Peripheral vascular disease (PVD) occurs when a buildup of plaque and other substances blocks or narrows arteries, limiting or halting blood flow. The condition is also called peripheral artery disease (PAD).
The same artery blockages that cause PVD make people with the disease four to five times more likely to have a heart attack or stroke.
PVD Symptoms and Risk Factors
Many people with PVD don't have symptoms, but there are signs to watch for.
If you answer "yes" to one or more of these questions, you may benefit from an evaluation by a PVD specialist:
- Do you smoke or have you ever smoked?
- Have you been diagnosed with diabetes, chronic kidney disease, high blood pressure and/or high cholesterol?
- Do you have a family history of PVD?
- Have you ever been diagnosed with PVD, cardiac disease or stroke?
- Do you ever experience tiredness, heaviness or cramping in the leg muscles, especially during activity?
- Do your toes and feet look pale, discolored or bluish?
- If you have leg pain, does it disturb your sleep?
- Have you experienced sores or wounds on the toes, feet or legs that heal slowly or not at all?
- Does one leg or foot regularly feel colder than the other?
- Have you noticed poor nail growth and decreased hair growth over time on the toes or legs?
Some ways to help prevent PVD include the following:
- Do not smoke or quit smoking
- Eat a healthy diet
- Maintain a healthy weight
Peripheral Vascular Disease Treatment at Rush
Since people with PVD may not experience symptoms, patients at high risk for the disease should get regular checkups. Early detection can help restore your mobility, decrease your risk of heart attack and stroke, and possibly save your life.
If you are diagnosed with PVD, specialists at Rush collaborate across disciplines to create a personalized treatment plan for you. You can receive PVD care at multiple Rush locations.
Your treatment plan may include one or more of the following:
- Education on diet, exercise and other lifestyle factors that impact PVD
- Diabetes management
- Medications to lower blood pressure or cholesterol levels (or both)
- Minimally invasive options to restore blood flow, including the following:
- Atherectomy, a surgery technique for removing atherosclerosis from blood vessels
- Balloon angioplasty, a minimally invasive procedure to increase blood flow to the legs
- Stenting, permanently implanted in the artery to keep the artery open
- Bypass surgery to restore blood flow
- Referral to a rehabilitation program for supervised exercise
- Smoking cessation program
Aortic Abdominal Aneurysm (AAA)
All men age 65 or older who are current or former smokers, as well as people with a family history of an abdominal aortic aneurysm, are eligible for screening. An abdominal aortic aneurysm is an enlarged area in the lower part of the major vessel that supplies blood to the body (aorta). The aorta runs from the heart through the center of the chest and abdomen.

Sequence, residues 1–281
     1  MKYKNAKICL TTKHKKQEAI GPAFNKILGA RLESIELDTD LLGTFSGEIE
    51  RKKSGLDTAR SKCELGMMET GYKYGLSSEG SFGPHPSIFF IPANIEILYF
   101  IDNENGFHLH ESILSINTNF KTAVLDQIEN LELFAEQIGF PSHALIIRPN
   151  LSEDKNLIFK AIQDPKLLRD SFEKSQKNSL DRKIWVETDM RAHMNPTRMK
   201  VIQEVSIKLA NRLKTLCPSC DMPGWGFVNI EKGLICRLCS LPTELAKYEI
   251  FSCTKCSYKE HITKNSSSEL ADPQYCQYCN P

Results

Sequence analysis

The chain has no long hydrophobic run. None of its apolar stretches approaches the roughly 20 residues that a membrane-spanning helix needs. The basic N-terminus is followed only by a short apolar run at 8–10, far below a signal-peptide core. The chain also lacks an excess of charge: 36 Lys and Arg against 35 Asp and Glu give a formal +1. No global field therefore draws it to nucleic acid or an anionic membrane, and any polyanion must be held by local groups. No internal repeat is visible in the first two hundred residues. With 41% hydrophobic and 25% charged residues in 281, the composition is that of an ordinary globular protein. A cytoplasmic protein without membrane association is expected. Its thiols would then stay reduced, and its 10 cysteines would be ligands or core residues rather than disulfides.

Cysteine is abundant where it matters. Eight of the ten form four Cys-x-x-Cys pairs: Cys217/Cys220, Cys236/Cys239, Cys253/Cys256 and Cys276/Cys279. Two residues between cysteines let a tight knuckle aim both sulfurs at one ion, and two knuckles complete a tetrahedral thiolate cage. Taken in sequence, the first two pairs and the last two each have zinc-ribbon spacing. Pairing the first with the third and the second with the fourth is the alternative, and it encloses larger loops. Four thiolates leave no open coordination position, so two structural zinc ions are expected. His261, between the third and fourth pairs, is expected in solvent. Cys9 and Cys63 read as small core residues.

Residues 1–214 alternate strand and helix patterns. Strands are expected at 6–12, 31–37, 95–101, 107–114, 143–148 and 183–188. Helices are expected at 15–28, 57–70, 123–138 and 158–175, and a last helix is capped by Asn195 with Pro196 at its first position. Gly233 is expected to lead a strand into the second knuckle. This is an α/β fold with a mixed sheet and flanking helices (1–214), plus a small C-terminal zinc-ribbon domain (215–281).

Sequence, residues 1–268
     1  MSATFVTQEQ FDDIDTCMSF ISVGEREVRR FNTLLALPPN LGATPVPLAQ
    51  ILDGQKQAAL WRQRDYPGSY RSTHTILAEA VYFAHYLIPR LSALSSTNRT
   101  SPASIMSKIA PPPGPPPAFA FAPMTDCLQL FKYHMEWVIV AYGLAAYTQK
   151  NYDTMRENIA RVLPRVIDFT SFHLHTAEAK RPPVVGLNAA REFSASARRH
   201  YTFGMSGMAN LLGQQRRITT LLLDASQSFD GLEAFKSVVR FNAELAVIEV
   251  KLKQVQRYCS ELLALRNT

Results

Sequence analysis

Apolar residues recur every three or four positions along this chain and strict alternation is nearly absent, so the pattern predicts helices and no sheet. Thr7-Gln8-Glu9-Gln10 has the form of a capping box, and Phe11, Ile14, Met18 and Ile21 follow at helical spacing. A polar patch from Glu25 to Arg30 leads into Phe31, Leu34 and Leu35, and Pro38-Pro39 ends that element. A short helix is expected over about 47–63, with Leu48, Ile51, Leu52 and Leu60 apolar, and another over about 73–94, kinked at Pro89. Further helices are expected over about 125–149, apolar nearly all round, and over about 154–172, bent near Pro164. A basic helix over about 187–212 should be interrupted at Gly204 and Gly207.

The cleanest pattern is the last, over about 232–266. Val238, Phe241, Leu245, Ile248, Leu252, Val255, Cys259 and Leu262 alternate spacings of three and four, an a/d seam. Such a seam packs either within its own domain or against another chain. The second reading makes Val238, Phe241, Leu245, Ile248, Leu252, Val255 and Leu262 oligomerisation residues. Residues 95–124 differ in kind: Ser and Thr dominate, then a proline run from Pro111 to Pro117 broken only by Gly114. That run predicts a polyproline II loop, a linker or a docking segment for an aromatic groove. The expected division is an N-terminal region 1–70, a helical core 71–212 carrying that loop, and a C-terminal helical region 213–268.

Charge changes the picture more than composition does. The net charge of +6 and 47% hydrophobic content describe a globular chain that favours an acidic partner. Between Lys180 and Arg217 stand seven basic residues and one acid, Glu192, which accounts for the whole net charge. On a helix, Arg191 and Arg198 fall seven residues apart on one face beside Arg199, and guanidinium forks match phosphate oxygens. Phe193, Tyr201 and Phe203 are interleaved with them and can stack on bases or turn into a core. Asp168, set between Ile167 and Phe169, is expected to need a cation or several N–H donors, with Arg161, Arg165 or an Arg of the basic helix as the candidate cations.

The aorta is the largest blood vessel in the body, so a ruptured abdominal aortic aneurysm can cause life-threatening bleeding.
Depending on the size of the aneurysm and how fast it’s growing, treatment varies from watchful waiting to emergency surgery.
Lower Extremity PAD
PAD in the legs or lower extremities is the narrowing or blockage of the vessels that carry blood from the heart to the legs. It is primarily caused by the buildup of fatty plaque in the arteries, which is called atherosclerosis. We screen all patients coming for cardiac evaluation to our cardiology clinic.
If the screening confirms PAD, the patient will be referred to Rush’s dedicated PAD clinic, where an appropriate evaluation will be carried out and therapy based on current guidelines will be recommended.
Rush Excellence in Peripheral Vascular Disease
- Care close to home: The Peripheral Artery Disease Clinic at Rush Oak Park Hospital offers comprehensive care to manage symptoms, keep the disease from worsening and reduce future risk. This includes diagnostic testing, a full range of treatments, education, supervised exercise and smoking cessation.
- Pioneers in PVD treatment: Rush University Medical Center was the first Chicago hospital to use a lumivascular technique combining imaging and therapy on a single device to unblock clogged arteries. This outpatient procedure uses a dime-sized incision and can provide an alternative to bypass surgery.
- Technology that pinpoints accuracy, effectiveness: A guided catheter with a camera helps doctors avoid puncturing arteries with the drills they need to dislodge plaque to restore blood flow. This type of technology allows interventional radiologists at Rush a success rate at opening arteries of more than 99%.
- Groundbreaking research, treatments: Specialists at Rush are leaders in research on peripheral vascular disease, so they are able to offer patients many new treatments before they are widely available.
- Enhanced diagnostics: At Rush, we know that PVD is often a silent disease. That’s why we started the screening program Rush’s Peripheral Arterial Disease (PAD) Clinic. All eligible Rush patients are screened for abdominal aortic aneurysms and lower extremity peripheral artery disease.